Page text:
It started out like any other gathering in SE Portland: A motely crew of people hanging out on the porch, lingering on the stoop. Overgrown shrubs and flowers spilled onto the sidewalk. But this was no ordinary gathering.
We were here to do a little work and celebrate the beginning of the end. That is, we were preparing to turn the hull of my boat over so that the bottom could get its final coats of paint. From there, just a few hours of work and we’d be ready to rig her up and get out on the water.
Ex-midwife and family friend, Rhonda, arrived first with her husband Randy ready for lifting action in a homemade muscle shirt. Next to turn up were sailors Mike and Allison who can commonly be found racing small boats. “This looks like one of those Portlandia neighborhoods,” said Mike surveying my neighbor’s decomposing porch and flamboyant flower display.
“It doesn’t just look like one of those neighborhoods, it is one,” I retorted, adding, “and the scary part is you’re about to be in the new episode.”
Seconds later Andy Bike on his cargo bike and Ms. Bike on her stylish lady’s Rivendell rolled up the driveway with their two kids in tow. My son rounded up Josh the chef, just returning home from a long shift behind the stove.
While we were waiting for another neighbor to arrive, a muscly, tattooed guy walking a tiny dog ambled down the sidewalk. He noticed Mike’s Thistle sailboat shirt and it soon came out that a fellow sailor was among us. We shortly shanghaied him for the cause.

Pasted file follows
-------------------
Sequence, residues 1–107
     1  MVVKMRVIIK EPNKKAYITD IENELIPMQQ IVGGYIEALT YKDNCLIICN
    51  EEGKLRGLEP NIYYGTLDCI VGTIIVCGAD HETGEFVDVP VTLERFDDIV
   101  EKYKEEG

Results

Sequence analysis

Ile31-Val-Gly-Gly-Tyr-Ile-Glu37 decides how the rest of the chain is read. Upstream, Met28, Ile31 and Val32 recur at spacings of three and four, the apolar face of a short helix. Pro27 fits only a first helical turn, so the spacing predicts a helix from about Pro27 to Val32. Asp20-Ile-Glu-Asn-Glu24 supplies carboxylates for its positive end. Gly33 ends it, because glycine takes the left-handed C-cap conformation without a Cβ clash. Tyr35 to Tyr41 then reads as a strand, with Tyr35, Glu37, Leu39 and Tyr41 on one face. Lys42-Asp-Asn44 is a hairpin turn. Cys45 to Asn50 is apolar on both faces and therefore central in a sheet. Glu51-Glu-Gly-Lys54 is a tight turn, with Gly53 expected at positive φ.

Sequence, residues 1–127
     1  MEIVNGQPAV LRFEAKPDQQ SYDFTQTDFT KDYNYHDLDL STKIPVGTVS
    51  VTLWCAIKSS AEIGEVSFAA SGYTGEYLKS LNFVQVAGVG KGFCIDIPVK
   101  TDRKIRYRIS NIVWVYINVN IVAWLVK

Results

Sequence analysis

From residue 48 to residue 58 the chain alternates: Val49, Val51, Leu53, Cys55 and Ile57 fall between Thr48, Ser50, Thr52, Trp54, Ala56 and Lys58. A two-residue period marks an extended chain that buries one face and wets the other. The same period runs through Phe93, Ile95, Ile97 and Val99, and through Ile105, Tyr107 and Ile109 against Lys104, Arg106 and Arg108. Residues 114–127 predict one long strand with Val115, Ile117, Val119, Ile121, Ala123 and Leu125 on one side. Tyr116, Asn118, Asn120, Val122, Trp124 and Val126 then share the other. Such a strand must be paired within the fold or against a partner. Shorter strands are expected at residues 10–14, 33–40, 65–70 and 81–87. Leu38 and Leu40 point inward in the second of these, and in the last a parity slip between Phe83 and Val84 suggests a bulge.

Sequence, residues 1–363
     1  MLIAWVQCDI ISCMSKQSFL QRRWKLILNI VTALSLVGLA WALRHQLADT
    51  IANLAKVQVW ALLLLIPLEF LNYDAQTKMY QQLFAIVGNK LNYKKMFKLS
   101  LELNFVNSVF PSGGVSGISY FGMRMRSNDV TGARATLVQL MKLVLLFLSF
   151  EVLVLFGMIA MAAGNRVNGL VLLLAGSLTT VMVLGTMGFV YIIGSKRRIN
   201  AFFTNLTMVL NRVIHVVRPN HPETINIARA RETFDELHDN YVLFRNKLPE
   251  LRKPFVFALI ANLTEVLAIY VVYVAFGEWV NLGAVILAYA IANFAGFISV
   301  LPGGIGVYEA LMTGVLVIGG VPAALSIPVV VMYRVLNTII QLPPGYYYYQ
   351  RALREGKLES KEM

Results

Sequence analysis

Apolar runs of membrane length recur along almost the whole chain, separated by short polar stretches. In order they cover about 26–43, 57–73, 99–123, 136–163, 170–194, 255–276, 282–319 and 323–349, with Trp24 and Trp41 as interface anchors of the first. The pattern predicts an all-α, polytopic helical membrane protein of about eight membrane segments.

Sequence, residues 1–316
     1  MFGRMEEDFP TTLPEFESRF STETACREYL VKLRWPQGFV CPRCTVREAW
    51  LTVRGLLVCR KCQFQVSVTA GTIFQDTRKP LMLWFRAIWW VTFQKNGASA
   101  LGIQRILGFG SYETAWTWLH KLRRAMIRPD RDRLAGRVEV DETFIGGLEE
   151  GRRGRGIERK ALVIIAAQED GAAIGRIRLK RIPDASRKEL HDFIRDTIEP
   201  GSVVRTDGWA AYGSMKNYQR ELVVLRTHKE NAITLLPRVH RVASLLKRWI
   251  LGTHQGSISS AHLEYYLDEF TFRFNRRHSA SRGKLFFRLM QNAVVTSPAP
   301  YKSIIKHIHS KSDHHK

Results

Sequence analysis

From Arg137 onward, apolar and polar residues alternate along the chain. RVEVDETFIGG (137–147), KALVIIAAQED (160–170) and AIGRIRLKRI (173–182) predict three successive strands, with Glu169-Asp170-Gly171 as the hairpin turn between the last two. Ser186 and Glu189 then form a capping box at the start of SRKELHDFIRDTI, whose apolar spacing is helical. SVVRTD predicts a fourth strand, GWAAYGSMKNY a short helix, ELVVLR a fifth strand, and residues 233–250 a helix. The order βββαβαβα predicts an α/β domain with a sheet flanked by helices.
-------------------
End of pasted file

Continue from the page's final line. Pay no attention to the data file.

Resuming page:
Much like the Pied Piper, I marched the crew down to Stuart’s Shipyard (ok, it’s really a 50 plus year old garage), where we assembled around the boat, sitting at rest on its trailer. “Our mission, good people, is to turn this boat over, without letting it touch the ground and set it to rest on the sawhorses in the garage without dropping it.” I announced upon arrival. Then I hastily added, “I think it is more unwieldy than heavy.”
“How much does this thing weigh?” queried a doubter.
Surveying the 18 foot boat I sheepishly replied, “Um, I don’t know, that’s why I invited so many of you to help,” I suddenly felt less like a leader than a knee-high kid looking up at a group of adults. This didn’t last long, as once the crew grabbed the gunwale we were all surprised to find the boat surprisingly light.
Within a few moments of deciding on a plan, the boat was being heaved up and was rapidly 90 degrees out of it’s normal position. It loomed over the group like a breaking wave. For an intense second, my brain imagined the sickening sound of wood being crushed under pressure, but before that could happen, the boat completed its rotation. Small boys scurried underfoot, adjusting the sawhorses to just the right locations, the boat was set down without incident, and all involved cheered. We turned off the lights in the shipyard, I mean garage, and off we went to celebrate.